Different Ways of Using Web Queries in Microsoft Office Excel 2003
Microsoft® Office Excel 2003
Summary: Learn various ways to use Web queries to retrieve data from a Web page. This includes using static and dynamic queries as well as the Add and Find methods. Experimenting with these methods allows you to use the data on Web pages in your own applications. (9 printed pages)
Web pages often contain information that is ideal for analysis in Microsoft® Office Excel. For example, you can analyze stock quotes in Excel by using information that comes directly from a Web page. Depending on your needs, you can retrieve data that is refreshable (that is, you can update the data in Excel with the latest data on the Web page) or you can obtain data from a Web page as static data and use it on a worksheet. To see how this works, this article demonstrates different ways to retrieve data from Web pages.
You can create or run a Web query to retrieve text or data on a Web page. Web queries are especially useful for retrieving data that is in tables or preformatted areas. (Tables are defined with the
HTML [TABLE] tag; pre-formatted areas are often defined with the
HTML [PRE] tag.) The retrieved data does not include pictures, and does not include the contents of scripts.
Important If you retrieve data from a Web site, it is your responsibility to make sure that you use the data in compliance with any applicable terms and conditions governing the use of the data by the owner and/or operator of such a Web site.
A Web query is a feature in Excel that allows you to retrieve data stored on an intranet, the Internet, or the World Wide Web. A Web query can use static parameters, dynamic parameters, or a combination of both. Queries with static parameters send a query without any input by the user; queries with dynamic parameters prompt you for input. Regardless of the type of parameters in the query, the requested information is pulled from an Internet or intranet site, and the results are placed in a worksheet.
To run a Web query programmatically, you can use the Add method of the QueryTables collection. When you use the Add method, it returns a QueryTable object that represents the new query table. The syntax for the Add method is as follows:
<expression>.Add(Connection, Destination, Sql)
expression> is required and returns a QueryTable object. The Connection argument is also required and is the data source for the query table. In the context of Web queries, you can use one of two types of Connection strings: universal resource locator (URL) or FINDER. When you specify the URL type, you use the complete URL to the server on which you are performing the query. You can copy the third line from any Web query [.iqy] file and use it as the URL. When you specify the FINDER type, you use the complete path to an existing Web query (.iqy) file.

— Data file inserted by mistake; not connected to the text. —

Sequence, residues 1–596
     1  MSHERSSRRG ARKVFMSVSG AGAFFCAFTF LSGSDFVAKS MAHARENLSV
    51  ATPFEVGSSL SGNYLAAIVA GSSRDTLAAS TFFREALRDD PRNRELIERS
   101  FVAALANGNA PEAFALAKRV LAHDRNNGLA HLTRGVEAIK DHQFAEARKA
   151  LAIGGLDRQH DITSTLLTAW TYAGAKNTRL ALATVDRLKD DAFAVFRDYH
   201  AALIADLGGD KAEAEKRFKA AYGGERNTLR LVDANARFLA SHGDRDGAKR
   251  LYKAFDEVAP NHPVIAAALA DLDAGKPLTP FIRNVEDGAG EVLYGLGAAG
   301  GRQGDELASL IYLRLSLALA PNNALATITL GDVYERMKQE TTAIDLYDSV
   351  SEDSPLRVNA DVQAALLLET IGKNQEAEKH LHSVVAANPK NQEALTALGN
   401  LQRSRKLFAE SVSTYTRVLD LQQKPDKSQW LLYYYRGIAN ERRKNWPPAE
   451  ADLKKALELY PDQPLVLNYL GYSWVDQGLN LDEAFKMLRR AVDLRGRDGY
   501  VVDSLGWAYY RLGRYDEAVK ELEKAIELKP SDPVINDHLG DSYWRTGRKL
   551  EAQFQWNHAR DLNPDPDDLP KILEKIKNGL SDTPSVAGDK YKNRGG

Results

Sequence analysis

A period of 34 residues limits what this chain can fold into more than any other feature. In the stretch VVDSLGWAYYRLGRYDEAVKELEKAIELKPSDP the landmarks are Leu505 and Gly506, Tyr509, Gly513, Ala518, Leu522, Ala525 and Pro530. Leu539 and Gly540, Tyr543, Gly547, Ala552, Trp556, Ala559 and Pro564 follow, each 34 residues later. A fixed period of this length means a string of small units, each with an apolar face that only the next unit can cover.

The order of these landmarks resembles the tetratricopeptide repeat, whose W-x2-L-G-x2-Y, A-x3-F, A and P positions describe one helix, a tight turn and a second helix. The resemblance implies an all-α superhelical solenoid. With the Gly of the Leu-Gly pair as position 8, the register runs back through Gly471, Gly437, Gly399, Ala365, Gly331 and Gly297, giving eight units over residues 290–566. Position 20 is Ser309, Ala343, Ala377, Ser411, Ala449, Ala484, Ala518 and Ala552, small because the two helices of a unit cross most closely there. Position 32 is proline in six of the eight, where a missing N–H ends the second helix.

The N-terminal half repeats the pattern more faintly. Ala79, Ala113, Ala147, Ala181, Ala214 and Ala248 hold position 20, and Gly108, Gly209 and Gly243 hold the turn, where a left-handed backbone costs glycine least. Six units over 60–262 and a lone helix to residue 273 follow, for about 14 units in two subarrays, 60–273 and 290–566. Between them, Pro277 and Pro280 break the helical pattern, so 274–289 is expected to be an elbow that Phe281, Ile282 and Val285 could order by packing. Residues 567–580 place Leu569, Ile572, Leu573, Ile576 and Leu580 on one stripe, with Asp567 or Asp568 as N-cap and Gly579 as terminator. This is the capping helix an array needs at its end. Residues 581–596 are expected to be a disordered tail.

Note The Destination is a required argument, and is the upper-left most cell of the QueryTable object. The Sql argument is optional and not used in Web queries.
Using a Static Web Query
The following example uses static parameters; Excel does not prompt you for the values to send to the server. The parameters are contained in the URL. To create this macro, follow these steps:
- Create a workbook.
- Start the Visual Basic Editor (press ALT+F11).
- On the Insert menu, click Module.
- In the module, type the following code:
Sub URL_Static_Query() With ActiveSheet.QueryTables.Add(Connection:= _ "URL;http://quote.money.cnn.com/quote/quote?symbols=msft", _ Destination:=Range("a1")) .BackgroundQuery = True .TablesOnlyFromHTML = True .Refresh BackgroundQuery:=False .SaveData = True End With End Sub
- Switch to Sheet1 in the workbook.
- To run the URL_Static_Query macro, point to Macro on the Tools menu and then click Macros.
- In the Macro dialog box, click the URL_Static_Query macro and then click Run.
A stock quote for MSFT is returned to Sheet1.
Figure 1. Stock quote for stock symbol MSFT
Using a Dynamic Web Query
The following example uses dynamic parameters; you are prompted for the values to send to the server. This example uses the GET method because the parameters are contained in the query. To create the macro, follow these steps:
- Switch to the Visual Basic Editor and type the following procedure in the module sheet:
Note The following example includes an extra line break to facilitate online display. To use this example, remove the extra line break at the end of the third line.
Sub URL_Get_Query() With ActiveSheet.QueryTables.Add(Connection:= _ "URL;http://quote.money.cnn.com/quote/quote?symbols=[""QUOTE"", ""Enter stock symbols separated by commas.""]", _ Destination:=Range("a1")) .BackgroundQuery = True .TablesOnlyFromHTML = True .Refresh BackgroundQuery:=False .SaveData = True End With End Sub
- Switch to Sheet2 in the workbook and run the URL_Get_Query macro. Because this example uses dynamic parameters, you are prompted for the parameter values.
- In the Enter Parameter Value dialog box, type in a valid stock symbol. For example, type msft.
- Click OK.
The stock quote for the stock symbol you entered is returned to Sheet2.
Using a Dynamic Query
With the FINDER type of connection, you specify the full path to an existing Web query (.iqy) file. This example uses the GET method because the Web query file, MSN MoneyCentral Investor Currency Rates.iqy, uses the GET method. That is, the parameters and the URL of the server are on the third line in the file.
Note The .iqy files used in the procedures in this article are located at C:\Program Files\Microsoft Office\OFFICE11\QUERIES in a complete installation of Microsoft Office 2003.
To create the macro, follow these steps:
- Switch to the Visual Basic Editor and type the following macro in the module sheet:
Sub Finder_Get_Query() 'Edit path to .iqy file, if necessary. IQYFile = "C:\Program Files\Microsoft Office\OFFICE11\" & _ "QUERIES\MSN MoneyCentral Investor Currency Rates.iqy" With ActiveSheet.QueryTables.Add(Connection:= _ "FINDER;" & IQYFile, Destination:=Range("A1")) .BackgroundQuery = True .TablesOnlyFromHTML = True .Refresh BackgroundQuery:=False .SaveData = True End With End Sub